Superhero films: a search for moral greatness

With summer just around the corner, there’s already buzz about what this season’s blockbuster films will be. At the top of the list of sure-fire hits are the superhero movies: “Iron Man 3” hits theaters May 3; “Man of Steel” (Superman) will be released June 14; and “The Wolverine” comes to the big screen July 26. It’s clear Hollywood has found success in showcasing movie heroes who fly. Or scale tall buildings. Or wield mystical hammers. Basically, they fill the screen with super-powered heroes, then watch the money flow in. 

Why is that? Why do films like these never fail to attract moviegoers of all ages, sexes and socioeconomic demographics? What explains our culture’s perennial love of superheroes, a love that only has seemed to grow in recent years with the popularity of the latest Batman trilogy, the Iron Man films and even television series such as “Smallville”? 

Recently Our Sunday Visitor spoke with Jonathan Sanford, professor of philosophy at Franciscan University of Steubenville and the editor of “Spider-Man and Philosophy: The Web of Inquiry” (Wiley, $17.95), about that love and about what it says about our culture and human nature. 

Our Sunday Visitor: Let’s start by talking about “Spider-Man and Philosophy: The Web of Inquiry.” How can a web-spinning superhero shed light on a serious academic discipline? 

Jonathan Sanford: The book is part of a series of books that look to popular culture in order to reflect upon basic philosophical issues. The goal of this book in the series was to orient readers to significant areas in moral philosophy. Talking about Spider-Man was a great way to do that because part of the intent of comic book series or movies like Spider-Man is to bring moral and philosophical questions to the fore — questions about sin and redemption, the power we have and the responsibility we bear.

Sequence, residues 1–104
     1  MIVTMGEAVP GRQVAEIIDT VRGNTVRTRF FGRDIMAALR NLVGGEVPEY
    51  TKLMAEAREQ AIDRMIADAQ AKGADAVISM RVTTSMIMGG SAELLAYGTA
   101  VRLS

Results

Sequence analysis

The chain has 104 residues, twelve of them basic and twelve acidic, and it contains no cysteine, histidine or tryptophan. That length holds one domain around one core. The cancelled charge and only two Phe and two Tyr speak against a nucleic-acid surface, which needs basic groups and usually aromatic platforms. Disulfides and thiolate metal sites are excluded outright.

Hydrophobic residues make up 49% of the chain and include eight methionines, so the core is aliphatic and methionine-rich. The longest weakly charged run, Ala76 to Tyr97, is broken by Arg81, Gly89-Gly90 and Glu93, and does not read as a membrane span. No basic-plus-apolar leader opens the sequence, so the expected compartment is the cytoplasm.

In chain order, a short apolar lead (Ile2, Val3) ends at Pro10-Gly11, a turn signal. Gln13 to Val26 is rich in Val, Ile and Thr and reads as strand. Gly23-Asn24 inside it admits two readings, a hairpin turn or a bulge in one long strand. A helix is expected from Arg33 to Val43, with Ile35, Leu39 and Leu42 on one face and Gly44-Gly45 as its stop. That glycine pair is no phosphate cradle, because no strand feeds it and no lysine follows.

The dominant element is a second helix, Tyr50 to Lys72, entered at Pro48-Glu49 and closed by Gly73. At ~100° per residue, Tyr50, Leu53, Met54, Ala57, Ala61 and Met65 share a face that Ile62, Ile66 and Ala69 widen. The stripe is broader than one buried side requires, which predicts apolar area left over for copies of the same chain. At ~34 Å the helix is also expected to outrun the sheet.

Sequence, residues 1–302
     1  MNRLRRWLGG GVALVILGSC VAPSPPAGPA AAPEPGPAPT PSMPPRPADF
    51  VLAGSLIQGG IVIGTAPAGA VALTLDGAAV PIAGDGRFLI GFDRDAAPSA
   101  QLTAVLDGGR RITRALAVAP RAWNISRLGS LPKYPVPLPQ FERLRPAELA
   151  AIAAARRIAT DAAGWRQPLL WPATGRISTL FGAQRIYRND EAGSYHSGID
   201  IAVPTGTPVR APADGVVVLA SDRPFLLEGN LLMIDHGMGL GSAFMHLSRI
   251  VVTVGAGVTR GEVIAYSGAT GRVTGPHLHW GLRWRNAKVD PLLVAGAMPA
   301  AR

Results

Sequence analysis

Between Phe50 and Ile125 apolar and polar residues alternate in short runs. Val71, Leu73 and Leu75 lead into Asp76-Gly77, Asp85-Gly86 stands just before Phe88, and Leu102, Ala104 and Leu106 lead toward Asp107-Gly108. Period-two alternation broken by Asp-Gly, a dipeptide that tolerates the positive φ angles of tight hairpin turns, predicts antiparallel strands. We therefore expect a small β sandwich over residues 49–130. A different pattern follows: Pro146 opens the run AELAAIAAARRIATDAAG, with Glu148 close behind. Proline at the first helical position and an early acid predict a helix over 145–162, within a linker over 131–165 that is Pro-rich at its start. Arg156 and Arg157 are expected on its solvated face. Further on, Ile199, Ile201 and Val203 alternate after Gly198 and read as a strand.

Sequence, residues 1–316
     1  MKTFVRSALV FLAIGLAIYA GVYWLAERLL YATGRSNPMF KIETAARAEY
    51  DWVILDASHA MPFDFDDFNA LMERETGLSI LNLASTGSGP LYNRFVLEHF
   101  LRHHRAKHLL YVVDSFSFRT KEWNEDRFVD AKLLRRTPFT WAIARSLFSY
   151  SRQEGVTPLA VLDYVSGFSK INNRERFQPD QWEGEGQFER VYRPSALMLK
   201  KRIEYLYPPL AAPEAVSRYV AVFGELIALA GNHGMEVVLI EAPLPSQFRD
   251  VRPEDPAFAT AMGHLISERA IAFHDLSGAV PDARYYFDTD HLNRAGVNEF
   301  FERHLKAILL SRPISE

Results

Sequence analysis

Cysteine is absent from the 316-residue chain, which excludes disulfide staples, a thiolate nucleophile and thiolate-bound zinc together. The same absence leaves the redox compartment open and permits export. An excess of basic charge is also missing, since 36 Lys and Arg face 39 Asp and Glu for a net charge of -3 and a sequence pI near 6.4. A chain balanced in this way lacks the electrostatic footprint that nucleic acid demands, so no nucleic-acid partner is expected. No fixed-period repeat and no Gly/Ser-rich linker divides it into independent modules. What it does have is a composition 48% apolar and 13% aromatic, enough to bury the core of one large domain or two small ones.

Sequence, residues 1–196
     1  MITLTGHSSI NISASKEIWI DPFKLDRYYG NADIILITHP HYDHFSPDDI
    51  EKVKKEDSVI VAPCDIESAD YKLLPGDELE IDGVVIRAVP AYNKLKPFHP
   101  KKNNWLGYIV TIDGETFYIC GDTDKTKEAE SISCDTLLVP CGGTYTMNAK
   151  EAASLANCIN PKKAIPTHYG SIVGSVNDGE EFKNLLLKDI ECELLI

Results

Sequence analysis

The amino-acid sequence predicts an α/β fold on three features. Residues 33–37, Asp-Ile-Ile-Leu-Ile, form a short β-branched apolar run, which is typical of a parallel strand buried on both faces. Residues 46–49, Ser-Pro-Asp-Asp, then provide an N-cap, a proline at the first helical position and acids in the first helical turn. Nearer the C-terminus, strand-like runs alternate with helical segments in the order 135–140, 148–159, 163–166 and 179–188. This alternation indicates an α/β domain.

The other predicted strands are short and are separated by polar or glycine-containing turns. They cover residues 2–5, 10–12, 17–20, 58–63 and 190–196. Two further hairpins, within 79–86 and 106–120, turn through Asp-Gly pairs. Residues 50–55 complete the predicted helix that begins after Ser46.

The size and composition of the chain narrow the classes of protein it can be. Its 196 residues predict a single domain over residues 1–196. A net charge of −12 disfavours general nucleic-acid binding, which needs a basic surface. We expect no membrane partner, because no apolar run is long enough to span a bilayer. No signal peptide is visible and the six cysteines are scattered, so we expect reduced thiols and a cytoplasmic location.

OSV: What do you think explains our culture’s ongoing fascination with superheroes? 

Sanford: Part of it is that the movies and comic books tend to be really well made. I think a lot of it, however, also has to do with the plot that drives the comic books and movies. It’s a plot that starkly contrasts good with evil. Every superhero has his or her super villain, and the contrast between the two is part of what makes these movies appealing, particularly in an age of relativism. Today we’re inundated with the message not to judge, not to apply black and white standards of morality, that the world is far too gray for such absolutes. But that offends the sense of natural law that is an eradicable part of every human heart. In a way, the stories about superheroes are a celebration of the moral fiber of the universe. 

OSV: That appeal is a diverse one, spanning generations. Is that a good thing? 

Sanford: I think it is. Not too long ago, I came across an article on a conservative blog site, where the writer was contending that the popularity of these movies signifies that there is something juvenile about our culture. I recognize there is a strong juvenile mindset within segments of our culture, but I don’t think the popularity of superhero movies has much to do with that. Many of these movies are, in fact, coming-of-age stories. The X-Men films, for example, track a number of mutants who are coming to terms with newfound powers and learning how to control them. Peter Parker in Spider-Man is the perennial teenager struggling to grow up. And Kenneth Branagh did a masterful job in the direction of “Thor” — developing the relationship between father and son, and showing Thor coming to terms with his own juvenile behavior while having to master his passions. 

I actually think many of these stories appeal to our sense of what it means to be an adult. They’re not stories about the perpetuation of the teenage years, but rather stories about moving into adult roles and embracing a life of responsibility. Our culture has extended the juvenile years well into the 30s, and the temptation might be to see people reliving their adolescence through some kind of comic book virtual reality, but the mainstream appeal of these stories is to our heroic sense. That’s not to say they’re on the same level of artistry as the Nordic myths or Homer — though in some ways, they tell the heroic story better, they’re more complete — but their heroic appeal is something that rightly speaks to juveniles and to adults alike.